Nonviolent Communication: A Language of Life, 2nd edition


Description

Nonviolent Communication: A Language of Life, 2nd edition
by Marshall B. Rosenberg, PhD

5.0 hours of CE Credit                 Cost = $50.00

(Cost includes test only - book must be purchased separately.  See below for more details and a link to Amazon's page for this book)
Introductory Level
44-question true/false + multiple choice test

A premise of this book is that violence is anything that hurts people – whether it is active, physical violence or passive, emotional violence. This passive/emotional violence is often related to the language we use in expressing ourselves, and it is this form of violence that is often the more insidious. Dr. Rosenberg states, “Believing that it is our nature to enjoy giving and receiving in a compassionate manner, I have been preoccupied most of my life with two questions:  What happens to disconnect us from our compassionate nature, leading us to behave violently and exploitively?  And conversely, what allows some people to stay connected to their compassionate nature under even the most trying circumstances?”  (p. 1)

Dr. Rosenberg blends his own observations with observations from the work of Carl Rogers and Martin Buber.  He builds on Rogerian reflection and extends it beyond what is taught in most graduate programs.  For example, he includes information not only abut our interaction with others, but how to interact compassionately with ourselves.  One of the great strengths of the book is in the number of exercises demonstrating directly and concretely the elements of Dr. Rosenberg’s method of communication.

The book has thirteen chapters.  The first two describe the theory behind Dr. Rosenberg’s program.  The next five are devoted to the four elements of nonviolent speaking and the elements of nonviolent listening.  The following six chapters provide further information about specific topics pertaining to the use of Nonviolent Communication, such as nonviolent self-talk, expressing anger, expressing appreciation, and when it is appropriate to use force.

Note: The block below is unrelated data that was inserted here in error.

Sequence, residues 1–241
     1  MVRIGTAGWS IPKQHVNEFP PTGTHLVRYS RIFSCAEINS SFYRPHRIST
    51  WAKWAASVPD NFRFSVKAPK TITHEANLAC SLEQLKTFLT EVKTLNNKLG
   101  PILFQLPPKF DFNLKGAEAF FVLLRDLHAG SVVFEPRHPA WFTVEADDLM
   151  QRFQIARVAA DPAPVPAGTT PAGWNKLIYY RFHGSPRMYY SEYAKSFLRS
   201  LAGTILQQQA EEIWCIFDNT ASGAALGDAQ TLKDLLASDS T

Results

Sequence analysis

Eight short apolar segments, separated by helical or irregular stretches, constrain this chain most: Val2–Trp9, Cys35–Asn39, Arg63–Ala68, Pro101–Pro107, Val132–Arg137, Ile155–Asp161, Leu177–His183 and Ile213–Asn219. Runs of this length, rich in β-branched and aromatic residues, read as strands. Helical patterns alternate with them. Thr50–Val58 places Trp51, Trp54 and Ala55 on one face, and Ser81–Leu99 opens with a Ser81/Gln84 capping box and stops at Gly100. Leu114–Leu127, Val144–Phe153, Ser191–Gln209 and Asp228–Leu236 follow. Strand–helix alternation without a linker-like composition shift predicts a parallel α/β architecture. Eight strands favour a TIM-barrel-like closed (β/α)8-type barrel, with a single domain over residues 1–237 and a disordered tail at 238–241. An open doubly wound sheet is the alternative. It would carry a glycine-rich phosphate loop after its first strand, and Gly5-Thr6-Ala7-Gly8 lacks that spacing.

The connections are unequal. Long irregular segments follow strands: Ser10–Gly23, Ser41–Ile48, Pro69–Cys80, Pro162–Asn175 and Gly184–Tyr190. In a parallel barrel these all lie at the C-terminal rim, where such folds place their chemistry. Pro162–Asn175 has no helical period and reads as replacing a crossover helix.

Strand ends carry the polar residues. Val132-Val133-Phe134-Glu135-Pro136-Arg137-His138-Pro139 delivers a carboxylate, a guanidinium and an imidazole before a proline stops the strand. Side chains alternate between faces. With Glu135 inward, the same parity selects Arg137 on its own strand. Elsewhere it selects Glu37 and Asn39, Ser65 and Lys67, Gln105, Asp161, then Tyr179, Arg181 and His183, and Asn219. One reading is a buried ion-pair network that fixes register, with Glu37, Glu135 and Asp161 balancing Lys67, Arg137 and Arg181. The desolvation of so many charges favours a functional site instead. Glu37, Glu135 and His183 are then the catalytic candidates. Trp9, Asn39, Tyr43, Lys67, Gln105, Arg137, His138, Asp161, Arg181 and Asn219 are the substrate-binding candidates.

The book is easily accessible and will contain some information that a therapist already has, however, there is new, extended information and, more importantly, a new point of view and use of that information.    It should be of interest to a broad group of people including experienced psychotherapists, educators, counselors, parents, and anyone else who talks and listens (or maybe that should be: listens and talks)

212 pages; 195 pages of text + Bibliography and Index.  Foreword by Arun Gandhi.

Course objectives:

1.    To be able to state the four principles of Nonviolent Communication.

2.    To be able to give at least one example of nonviolent communication in each of the four areas subsumed by these principles.

3.    To be able to describe how nonviolent listening parallels nonviolent speaking.

4.    To be able to comment on the use of Nonviolent Communication in at least one of the following areas: Psychotherapy, Expressing Anger, Self-talk, Expressing Appreciation.

Marshall B. Rosenberg, PhD received his PhD in Clinical Psychology in 1961 from the University of Wisconsin and in 1966 he was awarded diplomate status in clinical psychology from the American Board of Examiners in Professional Psychology. Dr. Rosenberg is the founder and director of educational services for the Center for Nonviolent Communications, an international, non-profit, peacemaking organization.

Dr. Rosenberg provides Nonviolent Communication training in 59 countries, and he works with such groups as educators, managers, mental health and health care providers, lawyers, military officers, prisoners, police and prison officials, clergy, government officials, and individual families. He is also active in war-torn areas and economically disadvantaged countries, offering Nonviolent Communication training to promote reconciliation and peaceful resolution of differences.  According to the Center for Nonviolent Communication web site, “Evaluations indicate that this training vastly strengthens the ability to connect compassionately with oneself and others, as well as to resolve differences peacefully. Reports also indicate that the benefit of the training is not only stable over time, but actually increases.” (http://www.cnvc.org/)